In 1876 some 32 lives were lost in a Ferry-boat Disaster on the Dee. This gave a stimulus to schemes for erecting a substantial Bridge for wheeled conveyances and heavy traffic. The Aberdeen Land Association, who had purchased Torry Farm, offered £4000 to help with the Bridge. Blaikie Brothers Iron Founders proposed a Bridge with ribbed iron arches, to cost £17,500; James Abernethy Iron Founder proposed one with iron lattice girders, to cost £12,000; and Andrew Gibb, lithographer, prepared a plan for a Bridge of Granite, which was preferred to the iron bridges. The designs were submitted to Mr Willet, C.E., who recommended Messrs Blaikie's Bridge as being sufficient and cheap; but Mr John Fyfe of Kemnay was anxious to see a Granite Bridge put up, and he offered to build Alexander Gibb's Bridge for £17,000. This caused the 3 designs to be sent to Mr Edward L J Blyth, (Edinburgh Engineer) who recommended a Granite Bridge and gave plans and specifications. Mr Fyfe contracted to build the Bridge according to these for £19,000; but before it was completed it cost £25,000, including preliminary expenses for Plans and advice and unexpected difficulties with the Foundations.

The Bridge consists of 5 arches, 60'-6"; 63'-6"; 66'-0"; 63'-6"; and 60'-6" in width. It is 342 feet long and 40 feet broad. There are 4 piers in the River, each resting on 3 caissons which were intended to be sunk to 27 feet below the surface of the River, but owing to the nature of the strata under the River some of them were sunk to 42 feet. The caissons were sunk by weighting them with iron up to 120 tons; the interior was excavated and thrown out; a plug of cement was put in at the bottom to exclude water; and the interior was filled with concrete. Masonry was built upon the top of the caissons, and the 3 small piers were joined together above water by 2 arches, so that the Bridge presents the strange appearance of 2 arch-ways through each pier. This reduces the area of the bases upon which the Bridge stands, but it has shown no sign of weakness notwithstanding the heavy loads it frequently has to bear. It is a beautiful Bridge, but the coping is not "throated," and the piers are stained with iron oxide from the standards of the lamps upon the parapets.

The Aberdeen Land Association contributed £5700 to its erection, Col James Davidson of Balnagask (Laird of Torry) gave £1000, Rev. Mr Morrice of Tullos gave £200, the Harbour Commissioners gave £1000 and the ground necessary for approaches, and the Town Council made up the balance by borrowing from the Bridge of Don Fund, which is under their management.  Some of the Council's part of the cost has not yet been repaid to the Fund. The Bridge was opened on July 2, 1881, with a procession of the Town Council and others going in Carriages from the Townhouse to the Bridge. Before returning, the Council visited the old Bridge of Dee, which was also under their care.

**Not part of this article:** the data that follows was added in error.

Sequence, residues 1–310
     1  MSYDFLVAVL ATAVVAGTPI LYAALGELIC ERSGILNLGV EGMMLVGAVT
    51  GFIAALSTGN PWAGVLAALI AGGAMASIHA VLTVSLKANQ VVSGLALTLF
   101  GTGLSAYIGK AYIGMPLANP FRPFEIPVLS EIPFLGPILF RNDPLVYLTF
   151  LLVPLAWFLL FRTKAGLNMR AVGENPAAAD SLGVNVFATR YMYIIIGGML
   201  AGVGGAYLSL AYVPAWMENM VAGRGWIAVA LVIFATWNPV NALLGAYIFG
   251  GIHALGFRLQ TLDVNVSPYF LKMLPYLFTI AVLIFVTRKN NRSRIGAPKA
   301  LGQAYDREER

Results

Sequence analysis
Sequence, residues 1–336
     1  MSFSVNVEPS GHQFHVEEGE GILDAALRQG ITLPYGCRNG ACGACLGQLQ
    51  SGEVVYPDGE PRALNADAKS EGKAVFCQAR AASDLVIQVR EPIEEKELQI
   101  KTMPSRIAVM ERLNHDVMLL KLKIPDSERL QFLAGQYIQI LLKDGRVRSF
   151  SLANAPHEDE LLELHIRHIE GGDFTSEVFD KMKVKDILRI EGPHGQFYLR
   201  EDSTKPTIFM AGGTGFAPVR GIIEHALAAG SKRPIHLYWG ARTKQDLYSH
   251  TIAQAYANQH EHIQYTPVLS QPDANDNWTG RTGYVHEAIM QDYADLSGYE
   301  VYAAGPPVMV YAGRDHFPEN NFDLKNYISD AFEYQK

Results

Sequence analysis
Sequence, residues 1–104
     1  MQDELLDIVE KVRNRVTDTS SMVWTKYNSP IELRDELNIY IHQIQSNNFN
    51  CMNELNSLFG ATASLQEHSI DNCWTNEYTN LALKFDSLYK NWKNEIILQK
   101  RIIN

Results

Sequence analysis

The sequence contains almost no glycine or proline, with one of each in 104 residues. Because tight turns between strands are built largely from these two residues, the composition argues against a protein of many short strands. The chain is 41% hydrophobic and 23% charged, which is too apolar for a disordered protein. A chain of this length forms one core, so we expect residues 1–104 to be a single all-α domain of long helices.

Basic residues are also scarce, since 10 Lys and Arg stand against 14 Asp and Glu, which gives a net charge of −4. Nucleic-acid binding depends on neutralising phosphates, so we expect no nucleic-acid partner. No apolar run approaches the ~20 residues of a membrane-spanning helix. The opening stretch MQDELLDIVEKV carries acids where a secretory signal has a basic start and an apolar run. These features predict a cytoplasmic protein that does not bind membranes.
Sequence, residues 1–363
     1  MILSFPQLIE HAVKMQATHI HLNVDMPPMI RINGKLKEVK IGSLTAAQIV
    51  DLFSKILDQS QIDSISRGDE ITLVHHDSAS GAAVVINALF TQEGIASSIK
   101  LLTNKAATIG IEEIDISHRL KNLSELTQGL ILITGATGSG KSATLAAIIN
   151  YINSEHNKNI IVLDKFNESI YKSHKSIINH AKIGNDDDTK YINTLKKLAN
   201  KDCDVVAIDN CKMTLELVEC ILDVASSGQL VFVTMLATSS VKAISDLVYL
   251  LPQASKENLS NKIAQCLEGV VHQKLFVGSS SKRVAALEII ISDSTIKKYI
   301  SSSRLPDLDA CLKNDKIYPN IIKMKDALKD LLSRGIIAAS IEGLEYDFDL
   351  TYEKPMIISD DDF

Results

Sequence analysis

Victoria Bridge, over the Dee's new channel, in a line with Market Street and Cross Quay, is a granite 5-arch structure, opened on 2 July 1881, having cost £25,000.  The Bridge showing tram wire stanchions, lines, gas lamps, heads of various people crossing the bridge. 

Edward L J Blyth (Edinburgh), Engineer, 5-span segmental arched bridge over River Dee. Rough-faced grey granite with ashlar to piers and parapet. Rounded cutwaters with advanced piers with round arched panels above. Coped panelled parapet with decorative cast iron lamp stands to each pier

The banks had stone pitched slopes on North and South side of the bridge, chimney and buildings at the junction of South Market Street and North Esplanade East, timber fence, the archways of the Victoria Bridge, only 4 at the south end are visible.

The bridge also has facilities for carrying water and gas services across the river.

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Last modified: 01/09/2013